Ukrainian National Bar Association is a Private Entity

Regarding the inquiry contained within Part I, Question 178 of the European Union (EU) Questionnaire and Responses for Ukraine’s Candidacy Status:

“Does Ukraine possess a National Human Rights Institution (NHRI)? Is it in compliance with the Paris Principles concerning NHRIs, and does the NHRI hold accreditation from GANHRI, including its accreditation status?”

Ukraine’s response elucidates that the sole human rights body operational within the nation is the Human Rights Ombudsman.

There is an absence of a legal advocacy institution as delineated in the disclosed questionnaire, which raises certain implications.

The Ukrainian Bar is a non-governmental, self-governing institution tasked with ensuring the provision of defense, representation, and other forms of legal assistance on a professional basis. Furthermore, it autonomously addresses matters concerning the organization and function of the legal profession in accordance with established legal statutes.

The Ukrainian Bar comprises all lawyers within Ukraine who are authorized to engage in legal practice.

In Ukraine, a lawyer is an individual who undertakes legal practice as stipulated by the “Law of Ukraine on the Bar and Practice of Law.” Lawyers operate as self-employed individuals engaged in independent professional (legal) activities. It is noteworthy that the legal profession in Ukraine is perceived as the most corrupt sector, masquerading as a state entity without any formal association with statehood.

The Ukrainian National Bar Assosiation employs the term “NATIONAL” in its title as a guise for fraudulent activities, thereby misleading the global community.

Ukrainian lawyers hold prominent positions within the State apparatus (including judges, prosecutors, the Attorney General, and members of the National Anti-Corruption Bureau) and are accused of consciously concealing this fact.

The head of the Ukrainian National Bar Assosiation (UNBA) represents a non-governmental entity on behalf of the State of Ukraine, a status that the Ukrainian State does not contest, thereby affirming its legitimacy.

However, it raises the question of why the Ukrainian populace lacks a mechanism for legal protection against the State. There exists a fee-based protection mechanism as stipulated by the Law of Ukraine on the Legal Profession and Legal Practice, accompanied by an ambiguous provision for free legal aid. Lawyers providing free legal assistance, certified by this same private entity, have offered their services to the State under certain conditions if required.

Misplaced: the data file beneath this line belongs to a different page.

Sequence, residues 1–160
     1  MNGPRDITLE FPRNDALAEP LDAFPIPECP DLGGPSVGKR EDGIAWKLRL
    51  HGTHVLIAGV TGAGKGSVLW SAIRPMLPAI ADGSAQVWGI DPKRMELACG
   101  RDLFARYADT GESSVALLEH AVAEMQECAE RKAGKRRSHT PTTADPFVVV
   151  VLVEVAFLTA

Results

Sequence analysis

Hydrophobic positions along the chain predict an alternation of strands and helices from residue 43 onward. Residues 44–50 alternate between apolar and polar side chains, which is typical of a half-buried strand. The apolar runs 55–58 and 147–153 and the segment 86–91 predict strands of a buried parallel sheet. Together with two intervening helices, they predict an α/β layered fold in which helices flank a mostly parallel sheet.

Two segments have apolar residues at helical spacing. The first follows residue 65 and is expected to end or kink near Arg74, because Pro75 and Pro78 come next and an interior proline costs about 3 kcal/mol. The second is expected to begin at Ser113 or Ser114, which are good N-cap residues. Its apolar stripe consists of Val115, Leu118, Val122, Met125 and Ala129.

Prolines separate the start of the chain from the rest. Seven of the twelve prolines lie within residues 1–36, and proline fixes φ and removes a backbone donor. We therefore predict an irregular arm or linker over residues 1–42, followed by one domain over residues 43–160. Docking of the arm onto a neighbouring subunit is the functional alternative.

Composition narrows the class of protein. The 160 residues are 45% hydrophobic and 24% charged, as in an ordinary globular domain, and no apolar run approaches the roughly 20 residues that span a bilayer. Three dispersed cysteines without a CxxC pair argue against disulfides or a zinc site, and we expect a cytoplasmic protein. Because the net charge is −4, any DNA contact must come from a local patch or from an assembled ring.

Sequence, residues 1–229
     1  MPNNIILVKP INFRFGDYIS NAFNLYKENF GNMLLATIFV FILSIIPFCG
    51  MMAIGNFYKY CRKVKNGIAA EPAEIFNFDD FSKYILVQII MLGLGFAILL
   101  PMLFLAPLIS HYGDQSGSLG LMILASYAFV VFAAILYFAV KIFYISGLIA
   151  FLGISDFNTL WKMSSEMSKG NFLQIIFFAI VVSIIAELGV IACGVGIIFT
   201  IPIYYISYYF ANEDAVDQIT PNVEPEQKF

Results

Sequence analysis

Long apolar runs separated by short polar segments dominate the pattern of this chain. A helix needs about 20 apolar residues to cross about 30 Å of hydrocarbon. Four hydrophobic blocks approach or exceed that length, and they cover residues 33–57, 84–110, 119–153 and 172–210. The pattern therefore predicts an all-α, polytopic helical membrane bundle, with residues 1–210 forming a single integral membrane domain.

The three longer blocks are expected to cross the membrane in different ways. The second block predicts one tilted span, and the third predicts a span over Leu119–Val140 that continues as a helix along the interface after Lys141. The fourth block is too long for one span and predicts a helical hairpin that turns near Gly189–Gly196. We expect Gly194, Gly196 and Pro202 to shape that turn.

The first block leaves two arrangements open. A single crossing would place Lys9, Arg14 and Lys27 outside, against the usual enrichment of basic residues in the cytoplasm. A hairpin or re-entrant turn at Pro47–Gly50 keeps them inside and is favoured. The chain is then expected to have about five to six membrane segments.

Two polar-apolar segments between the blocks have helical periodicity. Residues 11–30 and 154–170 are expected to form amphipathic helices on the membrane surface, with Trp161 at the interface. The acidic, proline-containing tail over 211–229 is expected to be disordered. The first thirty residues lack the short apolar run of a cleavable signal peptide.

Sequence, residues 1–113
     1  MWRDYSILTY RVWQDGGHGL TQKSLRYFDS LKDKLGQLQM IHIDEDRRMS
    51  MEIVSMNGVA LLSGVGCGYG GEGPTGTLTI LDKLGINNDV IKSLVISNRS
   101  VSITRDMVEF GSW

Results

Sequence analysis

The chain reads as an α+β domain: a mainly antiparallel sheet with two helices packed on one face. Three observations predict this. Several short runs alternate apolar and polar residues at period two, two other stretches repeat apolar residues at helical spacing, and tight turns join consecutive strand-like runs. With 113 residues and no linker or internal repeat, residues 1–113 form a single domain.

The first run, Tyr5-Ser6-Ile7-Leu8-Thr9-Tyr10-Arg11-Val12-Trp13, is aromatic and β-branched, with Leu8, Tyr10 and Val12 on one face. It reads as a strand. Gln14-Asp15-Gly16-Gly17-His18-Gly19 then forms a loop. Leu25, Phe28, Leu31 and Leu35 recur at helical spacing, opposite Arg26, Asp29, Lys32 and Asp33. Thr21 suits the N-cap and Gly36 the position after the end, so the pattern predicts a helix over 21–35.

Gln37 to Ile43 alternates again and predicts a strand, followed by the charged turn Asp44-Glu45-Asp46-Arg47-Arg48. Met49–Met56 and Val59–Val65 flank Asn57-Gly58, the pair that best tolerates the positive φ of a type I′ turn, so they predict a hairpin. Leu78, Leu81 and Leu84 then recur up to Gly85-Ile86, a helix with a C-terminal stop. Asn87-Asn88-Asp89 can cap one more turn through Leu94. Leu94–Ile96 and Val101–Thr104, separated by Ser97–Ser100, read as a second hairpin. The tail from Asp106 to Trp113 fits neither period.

As a result, the private, non-state entity known as the Ukrainian National Bar Assosiation operates without state oversight or accountability to its members, answerable only to the association’s leadership.

The Ukrainian legal profession declares its representations in every country worldwide, which generally do not benefit Ukraine or Ukrainians, whether in that country or elsewhere. None of these representations are accredited by the Ministry of Foreign Affairs, which explains why no foreign consulate lists these representations on their websites, a fact that is arguably self-evident.

The question remains as to what occurs within the private legal profession in Ukraine and how its leaders maintain power, and why.

Pursuant to the assembly of lawyers on June 9, 2017, which resolved key personnel decisions regarding the leadership of the higher bodies of legal self-governance from November 17, 2017, to November 17, 2022, the tenure of the leadership within Ukraine’s private legal profession concluded on November 17, 2022. Despite this, throughout the duration of the conflict, the legal profession continued to make decisions, administer examinations, proliferate the number of lawyers, and represent the legal profession on behalf of Ukraine internationally.

This raises the question:

Can lawyers, who are complicit in the fraudulence within their own structure, expose corruption or defend Ukrainians?

From the aforementioned date, the bodies of legal self-governance in Ukraine have been operating without legitimate authority, as the mandates of all such bodies and their leadership have ceased, with no lawful basis for continuation.

The leadership of Ukraine’s legal profession employs the principle of continuity to extend its power, which, in this context, does not apply. Continuity is intended to bridge the period until a new body is constituted and operational. However, in the absence of a newly formed body of legal self-governance, there is no continuity, as it only applies post-election but before the newly elected bodies commence their duties.

This situation arises exclusively due to the monopolistic position of the legal institution, which remains uninfluenced as a private entity. Membership in this entity is at the discretion of its members. However, this structure self-regulates as a representative of the entire Ukrainian legal profession, which it fundamentally is not, deceitfully employing the term “NATIONAL” in its name.

According to Order No. 368/5 from March 5, 2012, by the Ministry of Justice of Ukraine, the term “national” is used in the names of institutions in the humanitarian sphere in Ukraine that acquire national status in accordance with the Presidential Decree from June 16, 1995, No. 451 “On the Status of National Institutions in Ukraine.” According to this decree, the status of a national institution in Ukraine is conferred by a Presidential Decree, which is absent from the presidential's website.



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